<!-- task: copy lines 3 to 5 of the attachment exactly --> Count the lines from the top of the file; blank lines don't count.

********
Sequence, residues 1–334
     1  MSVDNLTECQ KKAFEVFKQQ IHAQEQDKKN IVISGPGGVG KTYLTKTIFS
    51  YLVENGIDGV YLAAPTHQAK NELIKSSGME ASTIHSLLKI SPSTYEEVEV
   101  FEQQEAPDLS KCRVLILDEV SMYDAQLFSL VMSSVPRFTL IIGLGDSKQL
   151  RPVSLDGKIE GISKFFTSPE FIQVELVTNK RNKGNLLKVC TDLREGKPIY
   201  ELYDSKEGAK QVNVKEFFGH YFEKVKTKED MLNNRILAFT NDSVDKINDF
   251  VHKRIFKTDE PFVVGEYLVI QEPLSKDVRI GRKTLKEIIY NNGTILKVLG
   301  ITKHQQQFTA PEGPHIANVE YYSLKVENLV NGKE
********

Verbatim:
    51  YLVENGIDGV YLAAPTHQAK NELIKSSGME ASTIHSLLKI SPSTYEEVEV
   101  FEQQEAPDLS KCRVLILDEV SMYDAQLFSL VMSSVPRFTL IIGLGDSKQL
   151  RPVSLDGKIE GISKFFTSPE FIQVELVTNK RNKGNLLKVC TDLREGKPIY